Jared Schuerman didn’t envision his first week at Butler University quite like this, but here he was, pulling weeds near Indianapolis’ Fountain Square neighborhood.
Those are many of the reasons Schuerman and 384 other Butler students fanned out to 14 locations around the city Tuesday afternoon. They were participants in Bulldogs Into the Streets (BITS), the annual Welcome Week activity that offers students the chance to get to know the Indianapolis community by volunteering for a number of worthy organizations.
The project Schuerman and about two dozen other students worked on involved clearing the weeds and cleaning up a three-block bike path in the North Square area, just north of Fountain Square. The path will be a connector to Indianapolis’ Cultural Trail, an urban bike and pedestrian path that connects neighborhoods, cultural districts and entertainment amenities.
Other projects included cleaning up Holliday Park, located a few miles north of Butler, and working at the Ronald McDonald House, Gleaners Food Bank and Wheeler Mission.
Working not far from Sherman were Beccah Rendall, a political science major from Mishawaka, Ind., and Jenny Reifenberg, an exploratory major from Chicago. The two first-year students hadn’t met before.
“I did this to meet more people,” Reifenberg said as cars buzzed by below on I-65.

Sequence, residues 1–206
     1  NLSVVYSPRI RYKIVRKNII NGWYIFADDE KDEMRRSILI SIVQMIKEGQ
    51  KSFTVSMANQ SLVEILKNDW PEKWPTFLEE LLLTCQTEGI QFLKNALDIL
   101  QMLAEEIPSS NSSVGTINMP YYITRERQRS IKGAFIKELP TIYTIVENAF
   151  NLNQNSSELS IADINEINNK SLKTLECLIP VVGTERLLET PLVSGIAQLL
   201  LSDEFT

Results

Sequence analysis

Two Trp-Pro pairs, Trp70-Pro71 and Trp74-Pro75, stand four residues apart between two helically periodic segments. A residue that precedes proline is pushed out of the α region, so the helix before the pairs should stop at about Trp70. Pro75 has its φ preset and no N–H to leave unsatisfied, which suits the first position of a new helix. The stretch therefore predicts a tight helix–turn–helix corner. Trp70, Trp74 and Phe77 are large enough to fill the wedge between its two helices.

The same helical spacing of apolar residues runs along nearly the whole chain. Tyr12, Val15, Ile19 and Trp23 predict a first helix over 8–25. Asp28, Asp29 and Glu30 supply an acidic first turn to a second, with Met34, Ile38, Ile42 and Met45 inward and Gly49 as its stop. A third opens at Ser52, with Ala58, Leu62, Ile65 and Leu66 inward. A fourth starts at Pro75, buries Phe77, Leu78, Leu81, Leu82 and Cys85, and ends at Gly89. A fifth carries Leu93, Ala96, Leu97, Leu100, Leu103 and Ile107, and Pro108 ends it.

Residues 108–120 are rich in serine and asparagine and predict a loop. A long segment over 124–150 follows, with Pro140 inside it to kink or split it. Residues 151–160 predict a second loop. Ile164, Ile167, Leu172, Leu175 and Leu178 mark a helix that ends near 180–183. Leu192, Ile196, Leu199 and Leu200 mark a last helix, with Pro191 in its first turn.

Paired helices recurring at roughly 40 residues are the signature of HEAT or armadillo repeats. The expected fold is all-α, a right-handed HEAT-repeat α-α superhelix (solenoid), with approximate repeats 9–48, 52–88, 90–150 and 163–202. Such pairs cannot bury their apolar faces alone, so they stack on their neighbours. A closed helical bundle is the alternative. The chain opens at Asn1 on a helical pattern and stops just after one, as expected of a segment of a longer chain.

“It’s a little hard to meet people sometimes, some of the (Welcome Week) stuff is so fast,” Rendall said. “But when you get to slow down and talk to people, I like doing things like this.”
Senior Mallory Owens, a biology major from New Palestine, Ind., volunteered to participate in BITS “to get into the community and try to clean up the city a little bit.” She hadn’t participated as a freshman, but she was glad to be involved now for a number of reasons.
“It’s nice to meet all the new freshmen and see how enthusiastic they are, even about pulling weeds,” she said. “I hadn’t been to Fountain Square before. I tend to stick to the Butler bubble, unfortunately, which is why it’s great to get out here.”
Across the street, Matt Hostetler, the green-space director for Keep Indianapolis Beautiful, and Karl Mueller, a resident of the North Square neighborhood, were working alongside a half-dozen Butler students. They were clearing out a rock garden and small green space.
Both were glad to have the Butler volunteers.
“Our neighborhood should have come up with them, but it’s hard to get people to jump in,” Mueller said. “I do what I can, but it’s a big area and it takes a lot of manpower.”
Julie Pakenham, associate director of PuLSE (Programs for Leadership and Service Education), which coordinates the BITS event, said the activities went well across the city.
“It’s my hope that students get a taste of volunteering in Indianapolis,” she said, “and that it encourages them to return and do ongoing service in the city.”